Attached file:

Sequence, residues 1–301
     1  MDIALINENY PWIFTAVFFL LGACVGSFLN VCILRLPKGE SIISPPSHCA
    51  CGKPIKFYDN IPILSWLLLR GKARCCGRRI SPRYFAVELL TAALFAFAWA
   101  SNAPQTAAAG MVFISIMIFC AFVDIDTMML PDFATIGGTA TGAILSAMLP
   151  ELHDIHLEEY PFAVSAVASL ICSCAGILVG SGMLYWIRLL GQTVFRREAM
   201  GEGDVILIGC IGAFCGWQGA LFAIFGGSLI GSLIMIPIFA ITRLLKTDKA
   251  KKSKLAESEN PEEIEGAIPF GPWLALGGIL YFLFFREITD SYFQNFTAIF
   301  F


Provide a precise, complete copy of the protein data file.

Sequence, residues 1–301
     1  MDIALINENY PWIFTAVFFL LGACVGSFLN VCILRLPKGE SIISPPSHCA
    51  CGKPIKFYDN IPILSWLLLR GKARCCGRRI SPRYFAVELL TAALFAFAWA
   101  SNAPQTAAAG MVFISIMIFC AFVDIDTMML PDFATIGGTA TGAILSAMLP
   151  ELHDIHLEEY PFAVSAVASL ICSCAGILVG SGMLYWIRLL GQTVFRREAM
   201  GEGDVILIGC IGAFCGWQGA LFAIFGGSLI GSLIMIPIFA ITRLLKTDKA
   251  KKSKLAESEN PEEIEGAIPF GPWLALGGIL YFLFFREITD SYFQNFTAIF
   301  F